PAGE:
ADEQ Director Owens, Attorney General Goddard Announce $50,000 Fine for Air Pollution Violations

Phoenix, AZ – October 21, 2004
Arizona Department of Environmental Quality Director Steve Owens and Arizona Attorney General Terry Goddard today announced a settlement with Equilon Enterprises, LLC, dba Shell Oil Products U.S. for violations of state air pollution control laws at its El Mirage facility. Equilon/Shell has agreed to pay $50,000 in fines for violations that occurred between September 2001 and January 2004.

Equilon/Shell operated a facility that distilled transmix, a mixture of pipeline derived diesel fuel and gasoline, into commercial grade gasoline and diesel fuel, from the time that Equilon/Shell purchased the facility from Valley Refining, LLC, in September 2001 until operations ceased in March 2004.

In May 2002, Equilon/Shell notified ADEQ that there were excess emissions standards from the facility caused by the improper operation and maintenance of internal floating roofs on gasoline and transmix storage tanks designed to control the emissions of volatile organic compounds (VOCs). The improper operation and maintenance practices originally used by Valley Refining, LLC, were continued by Equilon/Shell until April 2002. ADEQ officials estimate that 11.8 tons of uncontrolled excess VOCs were emitted to the atmosphere. In May 2003 ADEQ fined Valley Refining $75,000 for these violations.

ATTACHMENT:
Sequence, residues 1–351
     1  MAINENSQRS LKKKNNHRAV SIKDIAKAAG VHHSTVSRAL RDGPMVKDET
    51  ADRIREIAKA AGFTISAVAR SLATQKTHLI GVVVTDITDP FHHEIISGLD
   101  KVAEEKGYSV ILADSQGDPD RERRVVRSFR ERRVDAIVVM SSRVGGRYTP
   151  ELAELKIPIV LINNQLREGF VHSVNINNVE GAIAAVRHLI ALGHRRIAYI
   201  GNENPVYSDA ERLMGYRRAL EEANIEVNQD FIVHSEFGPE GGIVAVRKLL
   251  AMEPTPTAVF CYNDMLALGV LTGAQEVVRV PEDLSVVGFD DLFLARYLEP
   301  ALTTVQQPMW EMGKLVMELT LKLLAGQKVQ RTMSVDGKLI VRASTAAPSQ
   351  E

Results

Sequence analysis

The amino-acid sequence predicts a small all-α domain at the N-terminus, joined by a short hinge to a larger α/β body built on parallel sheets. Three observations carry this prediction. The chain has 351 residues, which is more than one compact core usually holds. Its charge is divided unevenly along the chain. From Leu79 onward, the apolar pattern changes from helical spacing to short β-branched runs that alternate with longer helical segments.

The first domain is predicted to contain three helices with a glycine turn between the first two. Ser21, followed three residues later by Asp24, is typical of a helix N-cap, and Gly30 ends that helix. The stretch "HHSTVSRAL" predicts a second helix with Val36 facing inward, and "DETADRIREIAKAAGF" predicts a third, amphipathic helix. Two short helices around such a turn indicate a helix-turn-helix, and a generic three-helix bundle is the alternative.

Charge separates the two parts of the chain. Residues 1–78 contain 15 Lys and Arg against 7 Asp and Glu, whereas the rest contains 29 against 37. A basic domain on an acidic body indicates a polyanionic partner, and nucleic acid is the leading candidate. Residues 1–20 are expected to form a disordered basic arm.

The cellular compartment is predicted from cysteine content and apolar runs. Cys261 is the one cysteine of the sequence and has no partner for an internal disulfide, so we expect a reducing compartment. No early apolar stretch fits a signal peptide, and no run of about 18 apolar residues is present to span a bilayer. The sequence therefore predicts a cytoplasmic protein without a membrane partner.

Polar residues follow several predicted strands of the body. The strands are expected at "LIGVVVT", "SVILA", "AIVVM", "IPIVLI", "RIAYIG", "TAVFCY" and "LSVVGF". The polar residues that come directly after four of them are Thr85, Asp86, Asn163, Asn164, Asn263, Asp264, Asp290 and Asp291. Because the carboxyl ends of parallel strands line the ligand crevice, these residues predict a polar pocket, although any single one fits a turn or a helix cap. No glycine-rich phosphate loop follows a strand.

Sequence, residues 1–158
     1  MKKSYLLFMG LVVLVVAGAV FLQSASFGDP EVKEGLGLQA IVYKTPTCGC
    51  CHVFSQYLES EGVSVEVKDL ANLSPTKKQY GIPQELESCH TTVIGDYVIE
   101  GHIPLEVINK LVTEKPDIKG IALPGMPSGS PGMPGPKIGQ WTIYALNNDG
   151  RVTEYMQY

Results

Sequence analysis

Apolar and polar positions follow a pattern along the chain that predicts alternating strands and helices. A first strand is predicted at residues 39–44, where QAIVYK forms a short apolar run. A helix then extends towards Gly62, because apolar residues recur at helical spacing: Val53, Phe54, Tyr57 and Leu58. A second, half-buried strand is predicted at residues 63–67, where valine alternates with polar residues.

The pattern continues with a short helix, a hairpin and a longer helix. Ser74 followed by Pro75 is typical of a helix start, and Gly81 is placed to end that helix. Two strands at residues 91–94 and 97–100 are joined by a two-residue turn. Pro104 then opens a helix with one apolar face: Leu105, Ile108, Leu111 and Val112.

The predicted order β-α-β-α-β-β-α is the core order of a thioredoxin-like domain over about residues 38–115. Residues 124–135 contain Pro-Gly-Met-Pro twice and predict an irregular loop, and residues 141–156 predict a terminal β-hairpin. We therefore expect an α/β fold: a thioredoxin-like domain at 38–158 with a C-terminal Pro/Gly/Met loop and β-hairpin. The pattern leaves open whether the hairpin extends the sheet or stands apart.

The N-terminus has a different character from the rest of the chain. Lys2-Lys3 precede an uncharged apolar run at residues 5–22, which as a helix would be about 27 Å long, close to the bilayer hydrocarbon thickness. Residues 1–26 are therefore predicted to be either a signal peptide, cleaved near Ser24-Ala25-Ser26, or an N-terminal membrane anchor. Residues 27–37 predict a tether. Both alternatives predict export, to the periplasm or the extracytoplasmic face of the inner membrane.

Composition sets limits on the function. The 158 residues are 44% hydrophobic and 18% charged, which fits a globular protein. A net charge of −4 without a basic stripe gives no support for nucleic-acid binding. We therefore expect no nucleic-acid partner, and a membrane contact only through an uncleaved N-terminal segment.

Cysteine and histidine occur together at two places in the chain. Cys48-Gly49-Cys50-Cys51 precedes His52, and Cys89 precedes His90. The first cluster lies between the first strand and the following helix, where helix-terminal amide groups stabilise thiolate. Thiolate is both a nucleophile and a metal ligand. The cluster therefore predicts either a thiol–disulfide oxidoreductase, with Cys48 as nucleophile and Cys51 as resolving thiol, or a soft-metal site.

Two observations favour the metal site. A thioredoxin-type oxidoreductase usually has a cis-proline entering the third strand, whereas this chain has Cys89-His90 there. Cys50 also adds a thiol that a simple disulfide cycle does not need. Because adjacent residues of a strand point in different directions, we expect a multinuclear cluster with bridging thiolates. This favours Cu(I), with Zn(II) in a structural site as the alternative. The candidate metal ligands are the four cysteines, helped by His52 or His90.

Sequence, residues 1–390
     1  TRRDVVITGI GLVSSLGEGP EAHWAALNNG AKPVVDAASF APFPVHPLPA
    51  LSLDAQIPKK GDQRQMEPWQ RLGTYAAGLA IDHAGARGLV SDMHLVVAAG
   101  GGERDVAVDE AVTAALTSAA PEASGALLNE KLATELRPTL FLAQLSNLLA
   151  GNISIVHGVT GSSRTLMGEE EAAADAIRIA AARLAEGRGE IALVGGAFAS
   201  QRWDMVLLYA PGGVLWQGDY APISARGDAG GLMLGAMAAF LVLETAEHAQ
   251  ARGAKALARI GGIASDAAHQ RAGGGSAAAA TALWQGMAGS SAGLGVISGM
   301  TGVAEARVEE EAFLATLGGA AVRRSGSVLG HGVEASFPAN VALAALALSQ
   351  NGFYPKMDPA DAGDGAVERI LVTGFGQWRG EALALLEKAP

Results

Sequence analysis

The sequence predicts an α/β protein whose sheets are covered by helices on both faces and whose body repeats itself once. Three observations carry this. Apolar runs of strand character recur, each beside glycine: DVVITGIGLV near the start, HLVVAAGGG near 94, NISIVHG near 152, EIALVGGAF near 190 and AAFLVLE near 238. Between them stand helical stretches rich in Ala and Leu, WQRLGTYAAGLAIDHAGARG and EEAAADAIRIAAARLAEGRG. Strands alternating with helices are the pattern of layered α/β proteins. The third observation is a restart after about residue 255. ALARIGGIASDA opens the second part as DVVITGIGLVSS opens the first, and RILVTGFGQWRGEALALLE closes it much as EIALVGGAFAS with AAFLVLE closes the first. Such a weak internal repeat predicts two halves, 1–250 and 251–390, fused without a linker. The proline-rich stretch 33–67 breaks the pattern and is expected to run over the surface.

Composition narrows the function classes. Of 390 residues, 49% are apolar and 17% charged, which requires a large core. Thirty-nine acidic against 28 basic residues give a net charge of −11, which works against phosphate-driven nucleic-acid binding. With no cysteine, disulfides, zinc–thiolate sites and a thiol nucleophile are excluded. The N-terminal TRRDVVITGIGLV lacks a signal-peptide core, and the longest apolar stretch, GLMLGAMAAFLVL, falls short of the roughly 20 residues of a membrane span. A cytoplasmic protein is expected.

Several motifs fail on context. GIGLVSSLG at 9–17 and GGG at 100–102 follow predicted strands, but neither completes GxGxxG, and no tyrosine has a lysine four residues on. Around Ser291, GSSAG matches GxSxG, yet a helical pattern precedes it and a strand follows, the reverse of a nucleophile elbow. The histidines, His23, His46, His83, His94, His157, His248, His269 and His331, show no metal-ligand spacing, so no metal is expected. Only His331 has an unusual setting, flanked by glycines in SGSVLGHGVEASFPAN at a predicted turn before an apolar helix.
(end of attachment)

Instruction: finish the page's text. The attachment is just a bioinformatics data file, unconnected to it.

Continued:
“These are serious violations of Arizona’s air quality laws that put the health and safety of our citizens at risk,” Owens said. “We are committed to vigorous enforcement of our air quality laws to protect our children and families.”

The settlement includes the requirement that Equilon/Shell or any prospective purchaser install alarms on emergency pressure relief bypass valves on storage tanks to detect potential excess VOC emissions, and conduct inspections of the facility’s flare to ensure self-ignition and proper operation as a VOC emissions control device.

“This case is a good example of how the self-reporting program should work,” Goddard said. “The company brought the violations to the state’s attention; fixed the problem, and agreed to fines appropriate with the seriousness of the violations.”

AZ DEQ